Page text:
Saturday, 30 April 2016

April Challenge - Hand Embroidery

Well March came and went and I didn't get around to setting a challenge and April has almost gone the same way!  Although I didn't post about it, my challenge to myself for April was to do some hand embroidery.  I've seen so many beautiful examples on Instagram and Pinterest, which inspired me to get some of my own embroidery done so I went back to TAST, which had fallen by the wayside.  I haven't achieved as much as I would have liked but at least I did something...

TAST 9 - Couching

I've never tried couching before.  After struggling for a while to figure out how to use it, I settled on using it to create some script.  I used some salmon pink mercerised cotton yarn (by Patons I think), couched down with gold thread.  To avoid having to stop and start I decided to mimic the way I would write the word, which involved doubling up the yarn in places.  The 'd' and the 'a' look a bit weird where I've doubled up the yarn side-by-side, but for the 'm' I went on top of the existing yarn and it's a much neater look.

TAST 10 - Running Stitch

For my first running stitch sampler I was inspired by Japanese Sashiko embroidery, which uses running stitch to create geometric patterns.  The resulting shapes traditionally have a symbolic meaning.  It is simplicity itself, but produces some really beautiful results.  My attempt is a far cry from the defined, precise stitching of traditional Sashiko, but in my defense I drew my pattern freehand so didn't have the benefit of super-straight lines.  That's my excuse anyway.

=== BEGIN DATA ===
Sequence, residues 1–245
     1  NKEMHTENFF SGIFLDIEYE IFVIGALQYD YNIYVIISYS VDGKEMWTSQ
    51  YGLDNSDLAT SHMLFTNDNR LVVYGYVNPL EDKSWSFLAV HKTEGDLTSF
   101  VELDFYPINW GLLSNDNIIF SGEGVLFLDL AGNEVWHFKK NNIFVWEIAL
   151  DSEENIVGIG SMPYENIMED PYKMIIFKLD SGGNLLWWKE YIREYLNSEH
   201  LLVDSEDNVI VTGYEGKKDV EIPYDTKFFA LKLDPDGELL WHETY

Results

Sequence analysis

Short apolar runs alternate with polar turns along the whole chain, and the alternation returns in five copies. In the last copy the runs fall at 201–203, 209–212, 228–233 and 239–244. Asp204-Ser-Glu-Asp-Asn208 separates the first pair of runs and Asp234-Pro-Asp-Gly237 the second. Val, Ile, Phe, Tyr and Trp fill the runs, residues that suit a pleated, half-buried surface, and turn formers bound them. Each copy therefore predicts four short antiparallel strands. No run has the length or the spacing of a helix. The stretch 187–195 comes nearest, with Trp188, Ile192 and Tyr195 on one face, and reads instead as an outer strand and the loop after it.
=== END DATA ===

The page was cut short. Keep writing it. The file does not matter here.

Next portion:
I thought it would be fun to try a freestyle, doodle type of thing as well.  On its own in a small hoop it looks like it could use some additional embellishment, but it might work better on a larger surface, like a cushion cover for example.
It was good to dig out the embroidery hoop and do some stitching.  For more information about TAST take a look at the Pin Tangle blog.

1 comment:

  1. Good to see you've got some embroidery work done. Couching is a great way to use thick, knobbly or in other ways 'difficult-to-stitch' treads. I agree with you, placing the second line of yarn on top of the already stitched one, like you did with the 'm' in dream (good choice of word, too) makes a neater line.
    Sashiko was used in the past to reinforce patched and worn garments so the pattern was not the most important. You can often see this is so called 'boro' pieces. However, when layering fabric of the same size a pattern was used (think whole cloth quilt) and as the stitches show up so clearly even stitches were important. When looking at your free style lines I am impressed by the neat, even stitches. Great work, Lilian!


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